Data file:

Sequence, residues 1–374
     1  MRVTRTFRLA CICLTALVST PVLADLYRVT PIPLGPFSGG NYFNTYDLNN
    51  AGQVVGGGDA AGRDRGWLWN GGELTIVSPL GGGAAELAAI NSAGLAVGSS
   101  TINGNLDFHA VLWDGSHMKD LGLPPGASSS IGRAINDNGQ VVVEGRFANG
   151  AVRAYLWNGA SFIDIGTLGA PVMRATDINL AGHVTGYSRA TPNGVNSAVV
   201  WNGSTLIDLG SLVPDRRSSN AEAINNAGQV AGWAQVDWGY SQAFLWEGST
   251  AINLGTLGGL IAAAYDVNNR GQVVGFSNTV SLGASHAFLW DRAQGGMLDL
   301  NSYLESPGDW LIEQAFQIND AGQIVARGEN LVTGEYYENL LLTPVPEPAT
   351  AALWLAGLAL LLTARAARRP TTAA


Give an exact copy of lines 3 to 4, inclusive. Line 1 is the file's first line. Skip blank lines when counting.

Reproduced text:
    51  AGQVVGGGDA AGRDRGWLWN GGELTIVSPL GGGAAELAAI NSAGLAVGSS
   101  TINGNLDFHA VLWDGSHMKD LGLPPGASSS IGRAINDNGQ VVVEGRFANG